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are by Leake & Greene & Tiffany Studios.

[Captions:]
The design of the great three-story staircase is a celebration of the arch as an architectural form. The many arches seem to move and interact as visitors move past them.

Richardson invented a rich ornamental and decorative visual language but also designed buildings of dignified simplicity characterized by "beauty of material and symmetry rather than of mere superficial ornamentation" — words attributed to Richardson in 1885 in a Chicago Tribute interview.

Churches, public buildings, and residences adapted from Richardson's designs were erected during his lifetime and after by architects who never met him but were inspired by his buildings. The Chicago Marshall Field Wholesale Store is shown at left.

Emmanuel Episcopal Church was commissioned in late 1883 or early 1884. Richardson submitted his first design — a stone church with a central tower — in April 1884. Since the cost of constructing this building was estimated to be over $48,000, the vestry asked for a new design costing between $12-$15,000. A revised design was submitted in February 1885; the building was completed in early 1886 and dedicated March 7, 1886.

Trinity Church, Boston, Massachusetts, is Richardson's most famous church design.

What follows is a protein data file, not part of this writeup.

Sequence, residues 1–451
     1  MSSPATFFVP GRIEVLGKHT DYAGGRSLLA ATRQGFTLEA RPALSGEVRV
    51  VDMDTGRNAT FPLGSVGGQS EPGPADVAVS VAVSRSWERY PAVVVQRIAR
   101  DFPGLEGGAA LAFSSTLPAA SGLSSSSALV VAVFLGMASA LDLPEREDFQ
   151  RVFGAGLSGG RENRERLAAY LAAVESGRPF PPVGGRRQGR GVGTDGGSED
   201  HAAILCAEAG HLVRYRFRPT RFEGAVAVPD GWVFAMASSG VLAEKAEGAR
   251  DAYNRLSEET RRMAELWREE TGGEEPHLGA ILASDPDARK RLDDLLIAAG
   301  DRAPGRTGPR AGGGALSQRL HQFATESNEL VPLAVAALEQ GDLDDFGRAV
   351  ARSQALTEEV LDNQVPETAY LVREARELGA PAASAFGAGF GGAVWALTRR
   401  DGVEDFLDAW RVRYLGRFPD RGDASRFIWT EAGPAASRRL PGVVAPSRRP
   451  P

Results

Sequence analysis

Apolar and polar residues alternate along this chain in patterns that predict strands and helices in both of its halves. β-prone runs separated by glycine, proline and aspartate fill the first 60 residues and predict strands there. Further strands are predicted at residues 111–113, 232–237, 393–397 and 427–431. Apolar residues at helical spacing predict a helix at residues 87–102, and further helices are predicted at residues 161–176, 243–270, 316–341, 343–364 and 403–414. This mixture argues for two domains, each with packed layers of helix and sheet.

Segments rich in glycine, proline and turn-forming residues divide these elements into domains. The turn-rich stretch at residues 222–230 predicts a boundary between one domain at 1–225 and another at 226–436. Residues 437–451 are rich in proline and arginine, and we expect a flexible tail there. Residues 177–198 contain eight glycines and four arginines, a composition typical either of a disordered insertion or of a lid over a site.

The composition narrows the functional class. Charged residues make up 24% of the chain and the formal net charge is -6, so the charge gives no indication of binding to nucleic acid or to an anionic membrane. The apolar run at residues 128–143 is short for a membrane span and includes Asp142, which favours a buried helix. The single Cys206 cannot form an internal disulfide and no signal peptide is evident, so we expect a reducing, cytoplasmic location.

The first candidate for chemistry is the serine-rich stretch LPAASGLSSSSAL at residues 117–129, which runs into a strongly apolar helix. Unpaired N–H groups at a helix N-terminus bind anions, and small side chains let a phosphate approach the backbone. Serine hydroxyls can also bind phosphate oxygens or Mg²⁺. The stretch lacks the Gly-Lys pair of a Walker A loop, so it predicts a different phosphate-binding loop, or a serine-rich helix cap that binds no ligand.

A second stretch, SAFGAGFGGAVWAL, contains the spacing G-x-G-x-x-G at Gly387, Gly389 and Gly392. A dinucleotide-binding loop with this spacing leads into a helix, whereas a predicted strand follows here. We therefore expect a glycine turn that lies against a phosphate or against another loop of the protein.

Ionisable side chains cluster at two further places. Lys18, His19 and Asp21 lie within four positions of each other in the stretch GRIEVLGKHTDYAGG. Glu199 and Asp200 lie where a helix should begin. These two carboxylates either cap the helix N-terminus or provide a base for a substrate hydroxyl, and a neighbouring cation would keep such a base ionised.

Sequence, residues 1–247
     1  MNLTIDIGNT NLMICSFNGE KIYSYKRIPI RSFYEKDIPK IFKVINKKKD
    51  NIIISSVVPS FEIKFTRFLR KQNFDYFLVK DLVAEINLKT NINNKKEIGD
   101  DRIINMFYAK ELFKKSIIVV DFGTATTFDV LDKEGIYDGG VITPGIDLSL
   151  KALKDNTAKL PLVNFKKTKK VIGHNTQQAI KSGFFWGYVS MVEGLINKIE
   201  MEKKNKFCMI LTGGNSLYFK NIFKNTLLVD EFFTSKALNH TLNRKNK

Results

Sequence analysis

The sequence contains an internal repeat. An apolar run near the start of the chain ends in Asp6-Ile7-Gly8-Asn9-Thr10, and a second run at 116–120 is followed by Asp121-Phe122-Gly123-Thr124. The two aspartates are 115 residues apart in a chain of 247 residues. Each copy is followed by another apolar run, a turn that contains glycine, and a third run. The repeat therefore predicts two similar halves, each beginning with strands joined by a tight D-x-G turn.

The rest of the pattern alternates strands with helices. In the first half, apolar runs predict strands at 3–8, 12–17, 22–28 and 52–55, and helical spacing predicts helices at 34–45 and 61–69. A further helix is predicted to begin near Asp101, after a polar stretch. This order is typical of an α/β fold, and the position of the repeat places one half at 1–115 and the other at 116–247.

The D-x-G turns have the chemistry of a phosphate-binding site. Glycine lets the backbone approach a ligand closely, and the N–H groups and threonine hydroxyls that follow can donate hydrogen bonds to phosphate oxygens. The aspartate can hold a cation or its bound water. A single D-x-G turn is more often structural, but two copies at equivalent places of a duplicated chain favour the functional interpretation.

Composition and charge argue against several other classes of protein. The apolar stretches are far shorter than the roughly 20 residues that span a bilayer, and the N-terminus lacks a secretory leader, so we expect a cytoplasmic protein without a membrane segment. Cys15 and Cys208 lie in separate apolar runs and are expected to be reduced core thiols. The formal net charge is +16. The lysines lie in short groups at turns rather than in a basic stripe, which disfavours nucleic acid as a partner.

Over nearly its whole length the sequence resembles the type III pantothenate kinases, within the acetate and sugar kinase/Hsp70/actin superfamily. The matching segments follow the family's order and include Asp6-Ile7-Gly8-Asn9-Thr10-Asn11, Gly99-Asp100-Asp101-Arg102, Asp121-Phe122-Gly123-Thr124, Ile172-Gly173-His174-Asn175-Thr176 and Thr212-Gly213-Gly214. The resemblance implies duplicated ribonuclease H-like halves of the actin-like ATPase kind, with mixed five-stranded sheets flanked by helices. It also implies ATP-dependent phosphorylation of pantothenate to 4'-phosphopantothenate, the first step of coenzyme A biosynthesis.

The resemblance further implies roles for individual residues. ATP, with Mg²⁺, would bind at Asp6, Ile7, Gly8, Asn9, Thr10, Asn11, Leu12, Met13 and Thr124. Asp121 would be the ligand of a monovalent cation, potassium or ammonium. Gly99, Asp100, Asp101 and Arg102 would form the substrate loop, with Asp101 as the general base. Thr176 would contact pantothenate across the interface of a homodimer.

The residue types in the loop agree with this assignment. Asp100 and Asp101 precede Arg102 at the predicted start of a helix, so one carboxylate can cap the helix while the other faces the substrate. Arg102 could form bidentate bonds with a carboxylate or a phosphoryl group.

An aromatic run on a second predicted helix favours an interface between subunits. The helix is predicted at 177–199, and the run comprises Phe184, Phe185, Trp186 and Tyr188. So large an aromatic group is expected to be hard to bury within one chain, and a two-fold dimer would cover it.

Erected by
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Living Architecture…Alive in Pittsburgh.
 
Topics. This historical marker is listed in these topic lists: ArchitectureChurches & ReligionGovernment & Politics.
 
Location. 40° 26.326′ N, 79° 59.79′ W. Marker is in Pittsburgh, Pennsylvania, in Allegheny County. Marker can be reached from Forbes Avenue just west of Ross Street, on the right when traveling west. Touch for map. Marker is at or near this postal address: 436 Grant St, Pittsburgh PA 15219, United States of America. Touch for directions.
 
Other nearby markers. At least 8 other markers are within walking distance of this marker. Gold Star Mothers Memorial (here, next to this marker); National P.O.W.-M.I.A. Recognition Day (here, next to this marker); Allegheny County (a few steps from this marker); Veterans Memorial (a few steps from this marker); Anthony Sadowski (within shouting distance of this marker); On This Site (within shouting distance of this marker); The City of Pittsburgh was named by General John Forbes in Honor of William Pitt (within shouting distance of this marker); Pledge of Allegiance (within shouting distance of this marker). Touch for a list and map of all markers in Pittsburgh.
 
 
Credits. This page was last revised on September 15, 2020. It was originally submitted on September 15, 2020, by Devry Becker Jones of Washington, District of Columbia. This page has been viewed 31 times since then. Photos:   1, 2. submitted on September 15, 2020, by Devry Becker Jones of Washington, District of Columbia.
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Oct. 25, 2020